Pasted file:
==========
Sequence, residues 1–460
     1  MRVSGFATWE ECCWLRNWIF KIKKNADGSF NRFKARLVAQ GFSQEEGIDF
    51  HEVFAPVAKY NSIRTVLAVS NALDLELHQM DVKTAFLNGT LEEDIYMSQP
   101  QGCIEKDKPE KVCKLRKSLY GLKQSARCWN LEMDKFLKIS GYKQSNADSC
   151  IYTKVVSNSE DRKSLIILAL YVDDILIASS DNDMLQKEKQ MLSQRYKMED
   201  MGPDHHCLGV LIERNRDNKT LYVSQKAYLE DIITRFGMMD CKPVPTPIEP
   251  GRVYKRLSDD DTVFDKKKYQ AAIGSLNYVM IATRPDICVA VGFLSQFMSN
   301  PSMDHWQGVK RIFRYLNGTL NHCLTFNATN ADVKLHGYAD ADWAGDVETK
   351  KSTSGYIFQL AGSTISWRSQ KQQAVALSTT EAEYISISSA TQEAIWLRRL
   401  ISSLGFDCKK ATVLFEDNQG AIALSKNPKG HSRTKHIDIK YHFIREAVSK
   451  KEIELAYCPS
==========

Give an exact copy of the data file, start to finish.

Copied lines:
Sequence, residues 1–460
     1  MRVSGFATWE ECCWLRNWIF KIKKNADGSF NRFKARLVAQ GFSQEEGIDF
    51  HEVFAPVAKY NSIRTVLAVS NALDLELHQM DVKTAFLNGT LEEDIYMSQP
   101  QGCIEKDKPE KVCKLRKSLY GLKQSARCWN LEMDKFLKIS GYKQSNADSC
   151  IYTKVVSNSE DRKSLIILAL YVDDILIASS DNDMLQKEKQ MLSQRYKMED
   201  MGPDHHCLGV LIERNRDNKT LYVSQKAYLE DIITRFGMMD CKPVPTPIEP
   251  GRVYKRLSDD DTVFDKKKYQ AAIGSLNYVM IATRPDICVA VGFLSQFMSN
   301  PSMDHWQGVK RIFRYLNGTL NHCLTFNATN ADVKLHGYAD ADWAGDVETK
   351  KSTSGYIFQL AGSTISWRSQ KQQAVALSTT EAEYISISSA TQEAIWLRRL
   401  ISSLGFDCKK ATVLFEDNQG AIALSKNPKG HSRTKHIDIK YHFIREAVSK
   451  KEIELAYCPS